Newcomers Lured : L.A. Backers Did It With Photographs

United Press International

City pioneer Frank Wiggins wasn't far off when he called Los Angeles "the city that advertising built."

Nearly 200 examples of what he had in mind will be on display through Feb. 26 at the downtown headquarters of Security Pacific Bank--photographs shot mainly for the Los Angeles Chamber of Commerce and used in promotional campaigns that helped turned what was a village in 1888 into a booming city a few years later.

"In the earliest photos you see people on horseback. Most of the streets weren't paved, so what the chamber was promoting was more the possibility rather than the reality of Los Angeles," said Carolyn Kozo, a photographic consultant whose expertise in the city's pictorial past was responsible for the broad range seen in the exhibit.

"The city was actually losing 1,000 people a month in 1888 because of terrible financial panics. So we needed to do something to bring people here."

Kozo's potpourri was assembled to coincide with the chamber's 100th anniversary.

The exhibit--open free to the public from 9 a.m. to 5 p.m. weekdays--is in keeping with the organization's centennial slogan: "We have the climate for business."

And more often than not it provides proof that the more things change, the more they stay the same.

Dictation on the Beach

Many of the photographic situations--ranging from a giant elephant sculpted entirely of unshelled walnuts, to bathing beauties contentedly taking dictation on the beach at Santa Monica--were suggested by Wiggins, secretary and director of exhibits for the chamber from 1888 until just before his death in 1924.

Wiggins was one of those larger-than-life characters whose personal experience helped shape the myth and romantic legend surrounding Southern California.

He was a harness-and-hardware merchant from Indiana who, given two months to live by his physician, decided to spend his final days in Los Angeles.

According to the chamber's centennial publication, "From Agriculture to Aerospace," Wiggins was sold on coming West by the railroad "rate wars" of 1887, when coast-to-coast journeys could be made for as little as $1.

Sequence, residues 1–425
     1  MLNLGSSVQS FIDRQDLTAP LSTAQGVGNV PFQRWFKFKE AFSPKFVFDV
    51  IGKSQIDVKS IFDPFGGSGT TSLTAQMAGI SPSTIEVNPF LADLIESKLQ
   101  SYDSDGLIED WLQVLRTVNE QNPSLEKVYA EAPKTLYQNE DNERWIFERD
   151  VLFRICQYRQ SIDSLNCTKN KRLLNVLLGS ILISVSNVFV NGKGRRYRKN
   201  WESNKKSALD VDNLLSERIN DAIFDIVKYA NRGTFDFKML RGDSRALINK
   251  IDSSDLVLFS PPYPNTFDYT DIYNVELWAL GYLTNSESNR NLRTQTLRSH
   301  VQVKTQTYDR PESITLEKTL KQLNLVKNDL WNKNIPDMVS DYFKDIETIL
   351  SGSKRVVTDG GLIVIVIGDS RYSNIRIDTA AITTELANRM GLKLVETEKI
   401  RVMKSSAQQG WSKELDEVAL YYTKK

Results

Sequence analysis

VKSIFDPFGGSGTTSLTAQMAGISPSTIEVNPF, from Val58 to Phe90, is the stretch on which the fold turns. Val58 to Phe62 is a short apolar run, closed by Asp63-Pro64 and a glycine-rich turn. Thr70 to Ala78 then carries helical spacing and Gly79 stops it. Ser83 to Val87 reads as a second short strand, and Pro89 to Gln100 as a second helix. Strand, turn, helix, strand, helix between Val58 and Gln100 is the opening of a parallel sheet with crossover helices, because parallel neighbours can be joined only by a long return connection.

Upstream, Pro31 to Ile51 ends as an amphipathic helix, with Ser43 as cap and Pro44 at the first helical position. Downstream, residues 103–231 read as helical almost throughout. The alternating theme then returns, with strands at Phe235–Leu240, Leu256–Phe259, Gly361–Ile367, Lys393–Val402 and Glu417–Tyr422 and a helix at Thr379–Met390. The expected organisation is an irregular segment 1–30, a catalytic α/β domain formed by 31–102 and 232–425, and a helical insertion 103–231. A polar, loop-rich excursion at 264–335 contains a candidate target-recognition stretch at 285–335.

Wiggins didn't just survive, he grew stronger and became obsessed with "papering the world" with literature promoting the sunshine, clean air, and health-restoring qualities of living in Los Angeles.

His elephant made of walnuts was such a brilliant idea that the City of Chicago gladly accepted it as an exhibit at its Columbian Exposition of 1893. And there is no telling how many people were enticed into moving to Los Angeles by the prospect of typing office memos while sitting in beach chairs at Santa Monica.

It was largely at Wiggins' insistence, Kozo said, that the chamber found every conceivable way of promoting just two things--the climate, and the potential for being at the cutting edge of all that was progressive.

The latter category encompasses everything from the first international air show in the United States (1910) to eager groups of marathon dance contestants in the 1920s.

"The marathon dances were quite popular," Kozo said, "but they became a misdemeanor in 1928 because people were getting hurt."

Another photograph, heralding the end of Prohibition, finds a barkeeper beckoning customers back to his establishment, which emphasizes in a posted sign that there are "tables for the ladies."

One can also chart the growth of various industries in Southern California, from the early growth of citrus groves to the emerging influence of the film and aircraft industries.

Ansel Adams Pictures

Three of the most intriguing photographs were taken by Ansel Adams in an assignment from "Fortune" magazine in 1939. They depict "a day in the life of a Lockheed aircraft worker," and appear geared toward reassuring the American readership that the darkest days of the Depression were about to end.

Two years later, the Depression was indeed over and the booming aircraft industry was hard-pressed to meet the sudden demands of World War II.

Kozo said that the theme of the exhibit centers around the potential for possibility that has always been true of Los Angeles.

"This is a place where anything could happen," Kozo said. "The possibilities are here, the resources are here and the people who make things happen are here."

In another sense, the exhibit also points out the impermanence of many institutions in Southern California.

There are three photographs of a trade school that was named after Wiggins in the 1920s--a tribute to the man who wanted nothing more than to give hope to the city's new arrivals.

But somewhere along the line Wiggins' name was dropped. The school is now known as Los Angeles Trade Tech.

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